iUniverse totally understands that writing a novel is no easy task. The planning, contemplating, and actual writing are indeed a noble endeavor! Today, iUniverse provides some advice on how to finally reach “The End”.
Writing can be a wonderful feeling, especially when you get into that groove where you are almost seamlessly transferring your thoughts to paper. However, like anything else, too much can have a negative effect, and some writers insist on continuing their story well past the time where it has reached its peak. Readers then get tired, and it may ultimately affect sales of your novel.
With this in mind, iUniverse provides some guidance on how to know when to “close the book” on your novel:
Characters: It is common that authors will become “attached” to their characters and want to keep creating new adventures and dialogue for them. After all, you invented them! The problem is that your book cannot go on forever. Charles Dickens commits an error of this nature in The Pickwick Papers – a splendid novel, but one in which escapade follows escapade well after the book has reached its high point. Even George Orwell, in his essay on Dickens, states that the characters in the novel “go on and on . . . in some type of eternity”.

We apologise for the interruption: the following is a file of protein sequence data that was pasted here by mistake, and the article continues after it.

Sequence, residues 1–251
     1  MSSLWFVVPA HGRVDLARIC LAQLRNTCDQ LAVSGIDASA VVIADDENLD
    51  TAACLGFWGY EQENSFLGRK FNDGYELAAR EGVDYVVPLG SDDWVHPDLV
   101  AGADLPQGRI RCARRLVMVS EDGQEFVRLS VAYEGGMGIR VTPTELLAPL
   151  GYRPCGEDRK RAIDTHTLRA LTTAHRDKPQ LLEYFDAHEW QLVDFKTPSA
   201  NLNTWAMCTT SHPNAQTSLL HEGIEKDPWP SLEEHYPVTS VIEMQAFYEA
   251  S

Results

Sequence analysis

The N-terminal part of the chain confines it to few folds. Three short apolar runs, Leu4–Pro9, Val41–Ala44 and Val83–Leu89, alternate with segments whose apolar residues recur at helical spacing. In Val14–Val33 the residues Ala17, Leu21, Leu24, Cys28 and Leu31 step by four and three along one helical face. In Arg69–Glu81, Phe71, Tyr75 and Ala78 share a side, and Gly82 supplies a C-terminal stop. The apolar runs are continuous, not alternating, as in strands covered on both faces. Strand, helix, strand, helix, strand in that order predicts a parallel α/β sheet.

When is a character “done”? When his or her main challenge, or issue, has been resolved. After this, you can give them a final chapter or epilogue, but keep it short and sweet. Let your character exit on a high note, and they will stay in the readers’ minds. If you truly love your character and cannot let go, bring that character into your next novel.
Which books, in your opinion, should have been ended earlier?
We’ll be back with Part Two very shortly!
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